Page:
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Logistic Regression Practical Case Study

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Publisher : Hadelin de Ponteves - Kirill Eremenko

Course Language : English

Logistic regression can identify important predictors of breast cancer using odds ratios and generate confidence intervals that provide additional information for decision-making. Model performance depends on the ability of the radiologists to accurately identify findings on mammograms.

In statistics, the logistic model (or logit model) is used to model the probability of a particular class or event existing, such as pass/fail, win/lose, alive/dead, or healthy/sick. This can be extended to model several classes of events such as determining whether an image contains a cat, dog, lion, etc. Each object is detected in the image would be assigned a probability between 0 and 1, and the sum adding to one.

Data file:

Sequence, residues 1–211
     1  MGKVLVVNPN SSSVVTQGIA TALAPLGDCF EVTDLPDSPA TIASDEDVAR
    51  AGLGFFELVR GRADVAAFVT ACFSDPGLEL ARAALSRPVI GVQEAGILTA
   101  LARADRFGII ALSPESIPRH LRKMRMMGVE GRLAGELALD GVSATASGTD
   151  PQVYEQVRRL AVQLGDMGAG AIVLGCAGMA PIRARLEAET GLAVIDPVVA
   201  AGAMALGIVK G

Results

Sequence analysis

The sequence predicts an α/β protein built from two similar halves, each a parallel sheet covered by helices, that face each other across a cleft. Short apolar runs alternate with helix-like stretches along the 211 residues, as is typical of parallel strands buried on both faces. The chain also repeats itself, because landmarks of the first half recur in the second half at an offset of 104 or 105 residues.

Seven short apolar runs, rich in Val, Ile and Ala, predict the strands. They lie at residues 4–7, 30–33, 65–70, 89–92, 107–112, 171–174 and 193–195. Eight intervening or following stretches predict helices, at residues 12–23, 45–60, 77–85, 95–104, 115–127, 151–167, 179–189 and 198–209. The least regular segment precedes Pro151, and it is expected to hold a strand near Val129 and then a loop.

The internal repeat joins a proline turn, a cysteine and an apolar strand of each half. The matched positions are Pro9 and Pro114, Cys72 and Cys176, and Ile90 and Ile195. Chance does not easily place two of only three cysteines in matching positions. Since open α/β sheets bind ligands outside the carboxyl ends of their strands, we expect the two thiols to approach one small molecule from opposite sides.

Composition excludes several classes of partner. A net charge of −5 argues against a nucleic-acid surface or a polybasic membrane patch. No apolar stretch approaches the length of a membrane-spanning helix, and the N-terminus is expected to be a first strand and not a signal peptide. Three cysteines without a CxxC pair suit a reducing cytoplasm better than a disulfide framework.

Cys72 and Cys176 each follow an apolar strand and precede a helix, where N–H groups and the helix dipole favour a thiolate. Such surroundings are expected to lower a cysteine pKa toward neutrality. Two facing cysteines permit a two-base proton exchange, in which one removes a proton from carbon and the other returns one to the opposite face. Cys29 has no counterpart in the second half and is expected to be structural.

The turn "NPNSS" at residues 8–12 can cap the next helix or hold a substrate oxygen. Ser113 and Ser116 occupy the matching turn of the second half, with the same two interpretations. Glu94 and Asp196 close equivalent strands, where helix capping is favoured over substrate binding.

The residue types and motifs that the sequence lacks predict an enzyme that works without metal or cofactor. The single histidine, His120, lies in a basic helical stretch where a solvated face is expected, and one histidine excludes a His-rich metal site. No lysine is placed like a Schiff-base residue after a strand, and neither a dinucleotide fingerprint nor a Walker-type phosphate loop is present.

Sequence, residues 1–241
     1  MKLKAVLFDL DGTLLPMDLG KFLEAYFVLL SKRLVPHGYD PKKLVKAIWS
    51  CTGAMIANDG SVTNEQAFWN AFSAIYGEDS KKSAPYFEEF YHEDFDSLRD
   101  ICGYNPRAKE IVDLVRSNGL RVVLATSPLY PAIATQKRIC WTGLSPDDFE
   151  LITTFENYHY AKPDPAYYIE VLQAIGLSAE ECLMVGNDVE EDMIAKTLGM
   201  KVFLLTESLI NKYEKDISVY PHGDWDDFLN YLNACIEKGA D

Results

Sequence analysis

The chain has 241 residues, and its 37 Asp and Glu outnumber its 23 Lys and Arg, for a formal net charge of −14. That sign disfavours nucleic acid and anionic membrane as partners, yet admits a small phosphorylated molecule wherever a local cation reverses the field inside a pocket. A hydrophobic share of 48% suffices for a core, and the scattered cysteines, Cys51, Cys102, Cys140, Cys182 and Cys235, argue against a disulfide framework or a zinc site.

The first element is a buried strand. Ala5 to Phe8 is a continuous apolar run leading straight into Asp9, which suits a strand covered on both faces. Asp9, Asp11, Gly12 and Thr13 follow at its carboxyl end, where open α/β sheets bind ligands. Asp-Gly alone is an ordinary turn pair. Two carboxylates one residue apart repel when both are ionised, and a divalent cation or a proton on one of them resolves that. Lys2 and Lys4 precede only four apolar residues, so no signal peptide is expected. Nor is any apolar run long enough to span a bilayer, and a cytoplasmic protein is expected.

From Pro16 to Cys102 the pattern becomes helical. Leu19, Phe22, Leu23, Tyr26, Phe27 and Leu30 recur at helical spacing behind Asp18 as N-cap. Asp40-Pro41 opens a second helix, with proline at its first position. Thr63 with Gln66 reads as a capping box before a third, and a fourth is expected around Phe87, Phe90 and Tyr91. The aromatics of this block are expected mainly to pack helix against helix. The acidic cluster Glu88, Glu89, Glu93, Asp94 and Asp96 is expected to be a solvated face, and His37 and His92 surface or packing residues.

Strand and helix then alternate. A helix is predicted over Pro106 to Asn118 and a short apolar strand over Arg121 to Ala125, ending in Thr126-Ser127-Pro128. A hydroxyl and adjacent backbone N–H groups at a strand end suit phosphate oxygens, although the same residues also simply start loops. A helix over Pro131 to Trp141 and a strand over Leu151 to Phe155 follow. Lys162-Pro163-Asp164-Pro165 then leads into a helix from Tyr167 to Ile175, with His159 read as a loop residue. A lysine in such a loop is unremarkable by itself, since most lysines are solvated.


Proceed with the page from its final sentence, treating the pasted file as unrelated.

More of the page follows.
Logistic regression is a statistical model that, in its basic form, uses a logistic function to model a binary dependent variable, although many more complex extensions exist. In regression analysis, logistic regression (or logit regression) is estimating the parameters of a logistic model (a form of binary regression). Mathematically, a binary logistic model has a dependent variable with two possible values, such as pass/fail, which is represented by an indicator variable, where the two values are labeled "0" and "1". In the logistic model, the log-odds (the logarithm of the odds) for the value labeled "1" is a linear combination of one or more independent variables ("predictors"); the independent variables can each be a binary variable (two classes, coded by an indicator variable) or a continuous variable (any real value). The corresponding probability of the value labeled "1" can vary between 0 (certainly the value "0") and 1 (certainly the value "1"), hence the labeling; the function that converts log-odds to probability is the logistic function, hence the name. The unit of measurement for the log-odds scale is called a logit, from the logistic unit, hence the alternative names. Analogous models with a different sigmoid function instead of the logistic function can also be used, such as the probit model; the defining characteristic of the logistic model is that increasing one of the independent variables multiplicatively scales the odds of the given outcome at a constant rate, with each independent variable having its own parameter; for a binary dependent variable this generalizes the odds ratio.